"Impartiality is a nice cop-out. How can we be impartial when people are suffering and dying? It's a luxury we can't afford," she said.
Broadcasters do not have to be absolutely neutral on every
controversial issue. And while broadcasters should deal even-handedly with
opposing points of view in the arena of democratic debate, it does not mean that
'balance' is required in any simple mathematical sense or that equal time must be
given to each opposing point of view”.
Saturday, January 17, 2009
Tzipi Livni says in 2009 that the assault was necessary, that it is going according to design, that there is no humanitarian crisis, and that the invasion will be good for the Palestinians. Yet Ehud Barak in 1999, in answer to a question from the reporter Gideon Levy about what he would have done if he had been born Palestinian, replied without pause: "Joined a fighting organization." Ehud Olmert says in a daring interview in his penultimate season in office that there will have to be a two-state solution and that Israel will have to give up a large part of the settlements it now holds. Yet Olmert devotes his final weeks in power to the merciless waging of this war, and refuses to convene his cabinet to take up the encouragement of a cease-fire...From the imposition of state terror in one generation spring the soldiers of guerrilla terror in the next generation. Those to whom evil is done, do evil in return.
Wednesday, January 14, 2009
One family buried a slain son over his grandfather. Another bundled up the tiny bodies of three young cousins and lowered them into the grave of a long-dead aunt. A man was laid to rest with his brother.
"Gaza is all a graveyard," gravedigger Salman Omar said Tuesday as he shoveled earth in Gaza City's crammed Sheik Radwan cemetery, a cigarette dangling from his lips.
Monday, January 12, 2009
The New York Times attempts to show itself to be self-critical in its reporting of the current aggression on Gaza, unsurprisingly the article descends into a slimy self-regarding exculpation of all inaccuracies and alleged biases. By showing e-mails from opposing sides of the argument it points to the likelihood that they're doing something right, then it reports,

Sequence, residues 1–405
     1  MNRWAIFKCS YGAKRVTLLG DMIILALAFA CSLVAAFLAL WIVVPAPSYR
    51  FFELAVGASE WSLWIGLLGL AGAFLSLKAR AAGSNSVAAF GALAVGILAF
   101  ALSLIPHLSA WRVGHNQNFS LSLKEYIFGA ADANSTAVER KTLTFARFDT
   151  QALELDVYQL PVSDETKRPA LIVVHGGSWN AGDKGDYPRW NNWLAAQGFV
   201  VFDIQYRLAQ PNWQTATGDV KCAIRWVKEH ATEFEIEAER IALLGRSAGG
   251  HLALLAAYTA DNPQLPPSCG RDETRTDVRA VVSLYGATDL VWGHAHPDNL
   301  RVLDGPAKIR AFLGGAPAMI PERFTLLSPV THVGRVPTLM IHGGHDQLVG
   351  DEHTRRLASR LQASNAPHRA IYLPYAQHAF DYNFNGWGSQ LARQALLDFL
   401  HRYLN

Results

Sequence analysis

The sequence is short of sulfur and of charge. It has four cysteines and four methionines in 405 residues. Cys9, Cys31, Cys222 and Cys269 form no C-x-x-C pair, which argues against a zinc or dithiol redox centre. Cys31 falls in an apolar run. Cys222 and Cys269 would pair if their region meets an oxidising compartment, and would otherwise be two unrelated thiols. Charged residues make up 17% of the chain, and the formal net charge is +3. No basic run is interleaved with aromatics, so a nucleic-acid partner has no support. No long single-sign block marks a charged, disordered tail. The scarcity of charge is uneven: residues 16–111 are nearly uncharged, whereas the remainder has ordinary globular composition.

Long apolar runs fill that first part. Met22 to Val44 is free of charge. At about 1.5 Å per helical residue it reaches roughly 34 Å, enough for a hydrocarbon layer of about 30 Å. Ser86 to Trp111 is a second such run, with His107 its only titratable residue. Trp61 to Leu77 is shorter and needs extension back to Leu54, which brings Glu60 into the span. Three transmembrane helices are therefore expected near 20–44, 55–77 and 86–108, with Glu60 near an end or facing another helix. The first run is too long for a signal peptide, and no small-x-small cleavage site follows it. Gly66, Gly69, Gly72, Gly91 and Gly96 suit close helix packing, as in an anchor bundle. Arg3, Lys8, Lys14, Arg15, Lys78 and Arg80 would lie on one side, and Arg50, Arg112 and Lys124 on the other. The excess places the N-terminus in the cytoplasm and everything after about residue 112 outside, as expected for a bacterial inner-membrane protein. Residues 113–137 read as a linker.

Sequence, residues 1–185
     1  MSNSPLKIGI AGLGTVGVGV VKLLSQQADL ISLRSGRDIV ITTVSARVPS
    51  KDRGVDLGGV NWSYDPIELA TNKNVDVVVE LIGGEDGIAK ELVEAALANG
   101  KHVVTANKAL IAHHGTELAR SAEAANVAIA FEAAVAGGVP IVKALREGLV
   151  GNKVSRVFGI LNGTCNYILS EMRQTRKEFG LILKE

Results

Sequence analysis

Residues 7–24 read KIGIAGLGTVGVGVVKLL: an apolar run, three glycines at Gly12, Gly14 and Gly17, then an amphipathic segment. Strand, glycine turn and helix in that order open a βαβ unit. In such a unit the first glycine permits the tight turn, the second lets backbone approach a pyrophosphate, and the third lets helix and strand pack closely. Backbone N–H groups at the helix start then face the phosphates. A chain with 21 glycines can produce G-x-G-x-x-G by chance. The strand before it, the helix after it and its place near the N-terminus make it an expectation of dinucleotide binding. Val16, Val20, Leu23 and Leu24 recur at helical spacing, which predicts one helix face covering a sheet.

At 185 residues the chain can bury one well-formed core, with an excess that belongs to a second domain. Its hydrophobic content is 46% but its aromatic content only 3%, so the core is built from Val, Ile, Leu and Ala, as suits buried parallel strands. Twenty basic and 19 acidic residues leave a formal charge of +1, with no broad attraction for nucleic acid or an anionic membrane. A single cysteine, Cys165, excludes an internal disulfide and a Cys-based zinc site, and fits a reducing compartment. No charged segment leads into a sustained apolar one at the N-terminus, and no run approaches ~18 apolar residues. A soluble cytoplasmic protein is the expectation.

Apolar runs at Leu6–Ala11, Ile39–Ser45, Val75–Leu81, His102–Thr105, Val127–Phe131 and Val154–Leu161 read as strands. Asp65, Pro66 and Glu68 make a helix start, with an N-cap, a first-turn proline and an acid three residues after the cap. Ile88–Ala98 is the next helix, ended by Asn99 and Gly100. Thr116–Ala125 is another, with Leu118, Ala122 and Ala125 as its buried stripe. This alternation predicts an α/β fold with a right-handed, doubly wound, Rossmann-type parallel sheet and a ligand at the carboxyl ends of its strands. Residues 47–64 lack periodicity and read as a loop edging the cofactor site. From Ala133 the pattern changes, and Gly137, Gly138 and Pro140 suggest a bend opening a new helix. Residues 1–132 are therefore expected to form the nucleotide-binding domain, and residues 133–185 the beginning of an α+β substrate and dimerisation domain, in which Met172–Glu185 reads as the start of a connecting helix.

"But in the case of the complex, intractable struggle between Israel and the Palestinians, even the best, most evenhanded reporting will not satisfy those passionately on one side or the other."
Why is it such a mystical struggle? The solution has been on the table for over 30 years, and is agreed upon by virtually the entire security council bar the US and Israel. Its instructive the only people who wish to mystify the conflict are precisely the ones who oppose a peaceful settlement on the basis of the overwhelming international consensus. For this reason there can't be a liberal utopian compromise between the two sides, the colonialist never concedes something for nothing, whatever is achieved through political or armed struggle is only a result of the colonialists realisation that the concession is in its own interest to make.
Wednesday, January 07, 2009
Fisk writes that the Israelis claim they are fighting in Gaza for us, for our Western ideals, for our security, for our safety, by our standards. He laments this but the Israeli's are absolutely correct, in fact by our Western standards they are being quite proportionate. Did we even have a pretext rooted in any conception of reality for going into Iraq or Afghanistan? There is good reason why the former colonial powers of Europe are refraining from being seriously critical of Israel's atrocities, one is we have been committing them for centuries and continue to do so now. There has been scarcely a year in the last few centuries when European colonisers and their hired soldiers haven't been plundering some distant land and oppressing its natives.
Satre captures the colonial dilemma
Satre captures the colonial dilemma
You said they understand nothing but voilence? Of course; first, the only voilence is the settler's; but soon they will make it their own; that is to say, the same voilence is thrown back upon us as when our reflection comes forward to meet us when we go towards a mirror.
Monday, January 05, 2009
If one was to step back from the present conflict and look at the issues dispassionately the main question which arises is the nature of the attack, whether Israel is acting defensively or offensively is important because it delineates the distinction between aggression and lawful retaliation. Its difficult for any objective observer, who happens to know five minutes of the history of the region, to see Israel as anything other than an aggressor. In which case the aggressor has no rights (under international law) and must pull back immediately. The calls for a ceasefire are futile but correct. Attacks by non-state actors or quasi-administrations are either isolated terrorist attacks, (much less severe breach than aggression) or belligerant reprisals. If the Israeli actions are seen as defensive then it must be tacitly admitted that Israel is not just defending its citizens but an occupation which is itself is necessarily offensive. The Western governments cannot condemn Israel however because it would smack of unimaginable hypocracy, not least, the western media narrative is rather more simplistic, the guys with suits are the goodies, the one's who can barely afford them are the badies
The story of the 2009 war on piracy was best summarised by another pirate, who lived and died in the fourth century BC. He was captured and brought to Alexander the Great, who demanded to know "what he meant by keeping possession of the sea." The pirate smiled, and responded: "What you mean by seizing the whole earth; but because I do it with a petty ship, I am called a robber, while you, who do it with a great fleet, are called emperor." Once again, our great imperial fleets sail – but who is the robber?